Now he was aware that a vast multitude of brutes was crawling with him, tracking the Corporal. He no longer feared the brutes, but felt akin to them and savagely proud of their hairy bodies and of their smell, and of their snorting breath. On all sides they rose in myriads, some enormous, some as small as ferrets, some with monstrous bellies, some as thin as snakes; all with protruding fangs and eyes that belched fire. All made the same sounds as they moved, a pattering of furred paws, like the pattering of heavy raindrops on a lake.

Military Gothic doesn’t get more Gothic than that. This book goes beyond grim realism, taking the battlefield story into the horror genre. It is grimly effective.

The book was published by the short-lived Mandrake Press in Museum Street. This firm specialised in books that were out of the usual run, the sort that conventional publishers might be frightened of; they published Alisteir Crowley, and D.H. Lawrence’s A Propos Lady Chatterley’s Lover. Does publication by this firm mean that O’Flaherty’s dark fable had been turned down by more mainstream publishers? I shall try to find out more.


  1. Stephen Paradis
    Posted April 23, 2017 at 3:33 pm | Permalink

    Maybe the last film in this line will be “Southern Comfort” (1981), at least until someone films it set in Iraq, thus closing the circle.

  2. Posted April 23, 2017 at 5:26 pm | Permalink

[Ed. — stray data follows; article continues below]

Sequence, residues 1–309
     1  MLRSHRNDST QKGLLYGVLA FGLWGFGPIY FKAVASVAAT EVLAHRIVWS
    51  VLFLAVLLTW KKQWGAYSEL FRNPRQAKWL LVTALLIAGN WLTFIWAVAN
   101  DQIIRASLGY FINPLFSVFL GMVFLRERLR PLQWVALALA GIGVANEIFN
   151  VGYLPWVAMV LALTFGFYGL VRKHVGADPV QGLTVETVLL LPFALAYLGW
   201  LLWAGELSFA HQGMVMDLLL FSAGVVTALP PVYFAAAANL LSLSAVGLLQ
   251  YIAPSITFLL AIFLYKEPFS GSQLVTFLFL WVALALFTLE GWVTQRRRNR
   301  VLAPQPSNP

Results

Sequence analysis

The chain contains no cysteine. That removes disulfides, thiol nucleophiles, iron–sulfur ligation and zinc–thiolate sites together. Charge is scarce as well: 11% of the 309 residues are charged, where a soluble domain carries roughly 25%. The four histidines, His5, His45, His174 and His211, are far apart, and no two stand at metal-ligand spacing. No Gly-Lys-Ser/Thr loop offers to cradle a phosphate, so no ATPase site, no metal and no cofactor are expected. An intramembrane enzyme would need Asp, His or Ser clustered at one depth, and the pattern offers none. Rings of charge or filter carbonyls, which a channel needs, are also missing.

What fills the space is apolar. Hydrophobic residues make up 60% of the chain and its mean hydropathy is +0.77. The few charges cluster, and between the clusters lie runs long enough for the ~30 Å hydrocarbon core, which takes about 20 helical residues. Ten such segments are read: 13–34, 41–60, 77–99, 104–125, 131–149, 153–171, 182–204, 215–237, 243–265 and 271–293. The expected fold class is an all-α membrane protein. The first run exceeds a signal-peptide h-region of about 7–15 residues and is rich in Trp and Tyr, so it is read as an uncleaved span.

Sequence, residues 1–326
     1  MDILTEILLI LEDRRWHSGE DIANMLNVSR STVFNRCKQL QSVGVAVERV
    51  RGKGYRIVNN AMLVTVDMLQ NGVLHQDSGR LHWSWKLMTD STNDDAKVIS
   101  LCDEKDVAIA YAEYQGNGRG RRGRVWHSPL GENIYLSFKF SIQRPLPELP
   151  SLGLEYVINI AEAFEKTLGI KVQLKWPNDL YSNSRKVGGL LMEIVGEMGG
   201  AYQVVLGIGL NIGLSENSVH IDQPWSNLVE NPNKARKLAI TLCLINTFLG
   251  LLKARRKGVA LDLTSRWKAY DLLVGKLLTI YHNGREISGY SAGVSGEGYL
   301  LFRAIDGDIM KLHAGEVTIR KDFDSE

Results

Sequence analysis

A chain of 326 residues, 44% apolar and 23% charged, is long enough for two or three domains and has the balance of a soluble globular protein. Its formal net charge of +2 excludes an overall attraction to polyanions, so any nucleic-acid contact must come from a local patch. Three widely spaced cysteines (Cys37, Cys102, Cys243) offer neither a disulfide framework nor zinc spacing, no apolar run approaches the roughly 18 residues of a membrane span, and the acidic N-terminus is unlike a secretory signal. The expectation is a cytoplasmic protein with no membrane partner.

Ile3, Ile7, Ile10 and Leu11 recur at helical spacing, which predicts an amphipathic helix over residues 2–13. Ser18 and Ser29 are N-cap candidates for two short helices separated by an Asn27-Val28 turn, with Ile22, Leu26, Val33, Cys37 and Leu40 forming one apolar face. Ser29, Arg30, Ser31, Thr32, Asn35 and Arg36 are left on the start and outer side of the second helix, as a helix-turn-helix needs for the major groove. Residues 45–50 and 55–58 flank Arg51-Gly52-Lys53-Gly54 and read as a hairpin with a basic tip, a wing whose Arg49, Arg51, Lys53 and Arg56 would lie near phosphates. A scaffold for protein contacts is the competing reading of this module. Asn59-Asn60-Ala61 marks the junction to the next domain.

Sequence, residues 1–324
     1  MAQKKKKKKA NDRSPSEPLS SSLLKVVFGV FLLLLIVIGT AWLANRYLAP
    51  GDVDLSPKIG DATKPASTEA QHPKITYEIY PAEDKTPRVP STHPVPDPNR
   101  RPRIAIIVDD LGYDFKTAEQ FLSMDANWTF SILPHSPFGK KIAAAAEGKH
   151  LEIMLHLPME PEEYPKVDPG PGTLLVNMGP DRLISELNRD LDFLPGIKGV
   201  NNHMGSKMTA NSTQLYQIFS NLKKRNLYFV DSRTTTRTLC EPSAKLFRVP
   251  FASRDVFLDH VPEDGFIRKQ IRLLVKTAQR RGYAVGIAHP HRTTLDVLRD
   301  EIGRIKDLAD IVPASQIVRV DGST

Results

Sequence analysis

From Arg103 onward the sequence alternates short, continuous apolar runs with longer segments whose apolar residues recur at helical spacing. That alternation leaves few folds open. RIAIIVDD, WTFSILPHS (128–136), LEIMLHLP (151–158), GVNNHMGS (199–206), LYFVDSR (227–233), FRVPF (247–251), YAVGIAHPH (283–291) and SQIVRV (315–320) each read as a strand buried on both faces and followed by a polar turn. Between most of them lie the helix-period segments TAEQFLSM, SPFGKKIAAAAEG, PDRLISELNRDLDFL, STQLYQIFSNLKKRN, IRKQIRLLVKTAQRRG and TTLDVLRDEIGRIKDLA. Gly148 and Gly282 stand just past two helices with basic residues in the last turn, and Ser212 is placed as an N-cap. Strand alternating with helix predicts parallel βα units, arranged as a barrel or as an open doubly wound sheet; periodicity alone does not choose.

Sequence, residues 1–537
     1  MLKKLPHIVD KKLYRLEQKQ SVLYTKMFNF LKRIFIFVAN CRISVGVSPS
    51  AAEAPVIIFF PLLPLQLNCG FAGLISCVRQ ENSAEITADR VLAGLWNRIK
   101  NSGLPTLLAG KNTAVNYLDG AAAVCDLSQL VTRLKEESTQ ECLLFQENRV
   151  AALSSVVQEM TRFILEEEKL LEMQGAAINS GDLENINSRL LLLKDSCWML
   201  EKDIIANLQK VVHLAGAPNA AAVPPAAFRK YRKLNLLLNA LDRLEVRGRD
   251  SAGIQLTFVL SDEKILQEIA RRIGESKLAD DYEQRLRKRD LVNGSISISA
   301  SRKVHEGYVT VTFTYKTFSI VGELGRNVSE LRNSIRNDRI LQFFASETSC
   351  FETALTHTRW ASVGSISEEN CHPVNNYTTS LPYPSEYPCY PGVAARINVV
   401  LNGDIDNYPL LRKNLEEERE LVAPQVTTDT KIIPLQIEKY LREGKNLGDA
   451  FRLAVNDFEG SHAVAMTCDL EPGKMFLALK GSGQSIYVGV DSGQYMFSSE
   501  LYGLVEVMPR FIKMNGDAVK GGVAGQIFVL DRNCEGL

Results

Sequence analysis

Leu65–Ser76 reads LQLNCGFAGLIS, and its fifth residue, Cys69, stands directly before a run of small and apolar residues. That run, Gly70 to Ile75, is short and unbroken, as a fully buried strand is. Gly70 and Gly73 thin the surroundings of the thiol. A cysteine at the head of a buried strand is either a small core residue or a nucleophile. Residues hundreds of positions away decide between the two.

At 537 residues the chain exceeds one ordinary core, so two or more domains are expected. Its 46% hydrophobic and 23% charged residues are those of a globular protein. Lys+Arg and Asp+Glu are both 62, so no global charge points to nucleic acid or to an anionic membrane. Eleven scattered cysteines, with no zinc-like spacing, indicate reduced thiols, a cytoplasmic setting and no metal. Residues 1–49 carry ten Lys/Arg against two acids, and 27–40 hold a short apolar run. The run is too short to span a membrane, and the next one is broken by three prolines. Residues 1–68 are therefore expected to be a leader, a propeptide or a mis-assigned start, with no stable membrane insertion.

there would be a good thesis in remakes and rewrites of ‘Patrol’. In the Second World War there was Sahara, and the Russian Film, ‘The Thirteen’. ‘Bataan’ (1943) seems to follow the same pattern, too. And it has been adapted as a Western 9though the name of the film escapes me for the moment).
    I didn’t know ‘Southern Comfort’. Now I’ve seen the online trailer, and may take a look at the movie.

    • Stephen Paradis
      Posted April 24, 2017 at 5:42 pm | Permalink

      Trailers are trailers; the movie itself is much less overwrought. In other versions the men die because of some Fatal Flaw. Here they’re the victims of their own stupidity. One of the men survives because the writer-director decided that he deserved it.
      If you like Southern Roots music, the soundtrack alone is worth the viewing.

  3. Posted April 24, 2017 at 10:06 am | Permalink

    I’ve found this review of the novel in the Saturday Review, December 1929.The reviewer is L.P. Hartley.

  4. Posted April 24, 2017 at 10:37 am | Permalink

    And here is the review from the Manchester Guardian, by Allan Monkhouse:

    retbrute mg

  5. Posted November 14, 2017 at 1:42 pm | Permalink

    In Julian Maclaren-Ross’s Memoirs of the Forties, he tells a story of O’Flaherty going into the Accounts Department of his publishers ‘wanting ten pounds cash and if it wasn’t immediately forthcoming he’d tap his raincoat pocket and say “I’ve got a gun in here.” The accountants usually forked out, not that there were any royalties due.’
    Does anyone know if this is a true story, or one embellished by Maclaren-Ross?

    • Roger
      Posted November 16, 2017 at 8:37 pm | Permalink

      By all accounts Maclaren-Ross was constitutionally incapable of not embellishing a story.